Disney's Maleficent: Mistress Of Evil muddled down by disjointed narrative
Mother is back. And now there are two of them! Angelina Jolie and Michelle Pfeiffer face off in Disney's Maleficent: Mistress Of Evil, now in cinemas. It's entertaining. It's busy. It's over the top with CGI faeries, winged creatures and warfare.
As a sequel to the 2014 live-action, Mistress Of Evil sees Aurora (Elle Fanning) in her role as the young Queen of the Moors, governing over cute faeries and walking trees in the enchanted forest that comes alive on the IMAX screen. Her young beau, Prince Phillip (Harris Dickinson replacing Brenton Thwaites from the first film), finally proposes. The protective godmother like Maleficent (Jolie with the iconic prosthetic cheekbone) naturally disapproves, but relents anyway when her baby girl wants the forest fam to meet with Phillip's parents at their grand castle. Enter King John (Robert Lindsay), the poised and jewel-laden Queen Ingrith (Pfeiffer), and also the queen's henchwoman.
The dinner goes predictably sour. For a moment, it's like Meet The Fockers -- the battle of the in-laws. Or I guess it's kind of like TV soap, too. The scheming mother-in-law who seeks to wreak havoc on the bride's family. The clueless dad. The monsters and the in-laws. But who is the true monster here? Who is the actual Mistress of Evil?
Maleficent is kinder (sort of) and more comical this time around, but still feared and loathed by the public at large. And when she is blamed for cursing King John, she flies off and gets into an emotional conflict upon meeting her fellow Dark Fey clans -- looking like models of all ethnics with wings and horns -- that have been hiding from human threat. Is it going to be war against the human? Is peace the option? For a moment, the film gets a little political, though that doesn't quite carry through.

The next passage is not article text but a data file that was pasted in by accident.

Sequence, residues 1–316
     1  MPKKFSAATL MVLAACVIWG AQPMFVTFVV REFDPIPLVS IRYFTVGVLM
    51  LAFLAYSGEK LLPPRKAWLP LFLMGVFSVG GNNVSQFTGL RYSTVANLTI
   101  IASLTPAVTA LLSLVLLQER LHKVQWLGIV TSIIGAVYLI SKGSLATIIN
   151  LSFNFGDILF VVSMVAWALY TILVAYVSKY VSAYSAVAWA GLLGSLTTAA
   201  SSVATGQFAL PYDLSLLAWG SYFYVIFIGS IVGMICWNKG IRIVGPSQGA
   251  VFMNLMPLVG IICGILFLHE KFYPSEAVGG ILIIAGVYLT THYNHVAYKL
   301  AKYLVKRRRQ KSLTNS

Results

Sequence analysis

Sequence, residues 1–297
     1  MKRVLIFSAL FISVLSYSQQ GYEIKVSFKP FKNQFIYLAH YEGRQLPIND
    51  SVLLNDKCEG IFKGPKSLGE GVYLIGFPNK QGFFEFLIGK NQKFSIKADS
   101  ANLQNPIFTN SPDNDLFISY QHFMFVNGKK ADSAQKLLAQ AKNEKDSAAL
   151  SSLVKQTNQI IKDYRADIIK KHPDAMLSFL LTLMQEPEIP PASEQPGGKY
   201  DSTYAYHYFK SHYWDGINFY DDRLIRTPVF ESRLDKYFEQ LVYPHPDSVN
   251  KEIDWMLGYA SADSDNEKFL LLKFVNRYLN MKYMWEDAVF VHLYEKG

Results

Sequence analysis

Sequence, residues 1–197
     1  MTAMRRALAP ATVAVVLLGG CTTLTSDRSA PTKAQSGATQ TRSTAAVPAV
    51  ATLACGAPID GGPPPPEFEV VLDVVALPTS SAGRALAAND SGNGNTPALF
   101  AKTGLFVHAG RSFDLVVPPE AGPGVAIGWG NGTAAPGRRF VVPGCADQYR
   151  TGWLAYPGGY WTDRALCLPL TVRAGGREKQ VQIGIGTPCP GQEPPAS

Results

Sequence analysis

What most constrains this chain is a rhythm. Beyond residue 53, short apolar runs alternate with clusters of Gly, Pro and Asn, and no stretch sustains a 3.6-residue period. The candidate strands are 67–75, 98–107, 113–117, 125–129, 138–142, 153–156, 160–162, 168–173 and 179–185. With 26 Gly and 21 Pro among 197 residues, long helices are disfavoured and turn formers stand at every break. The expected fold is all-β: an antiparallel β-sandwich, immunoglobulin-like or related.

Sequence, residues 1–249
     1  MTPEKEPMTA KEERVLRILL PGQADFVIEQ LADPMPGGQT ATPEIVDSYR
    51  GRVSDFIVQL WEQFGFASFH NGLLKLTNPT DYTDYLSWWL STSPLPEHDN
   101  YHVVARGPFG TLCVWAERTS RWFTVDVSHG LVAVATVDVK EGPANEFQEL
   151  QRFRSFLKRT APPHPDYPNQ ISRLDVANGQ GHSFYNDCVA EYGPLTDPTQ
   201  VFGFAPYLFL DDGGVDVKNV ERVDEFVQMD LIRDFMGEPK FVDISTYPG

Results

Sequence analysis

Back at the castle, Aurora now sides with the scheming Ingrith who has a secret lab to experiment on faeries for a planned genocide. It's getting old to have a villain explain all her actions and motives to the protagonist before executing her but, that's what we'll have to settle for. Pfeiffer is cunning as Ingrith, but the role became quite a missed opportunity for such a talented actress. She's bad, all right. Evil. And she has a cool dressing room with a mannequin that can do a head twist. But her story could've gone so much further and deeper.
Eventually, all of that leads to the final battle sequence between human soldiers and Dark Fey, culminating in a long, CGI-filled war like it's another day in the MCU. Ultimately, it's a showdown between two powerful women, with Fanning's Aurora running around as a support and the men left on the sideline.
Humans seek to destroy, and winged creatures fly carelessly right into the queen's trap. We could draw an allegory to racism, or even how humans poach on Mother Nature.
There is also a conflict of identity for both Maleficent and Aurora, torn between their own origin, who they are, and what is expected of them. But these issues don't quite manifest fully with everything else that also goes on in this reimagined fairy tale.
The political undertone doesn't play out so well, but at least we managed to laugh and enjoy the film despite its muddled narratives.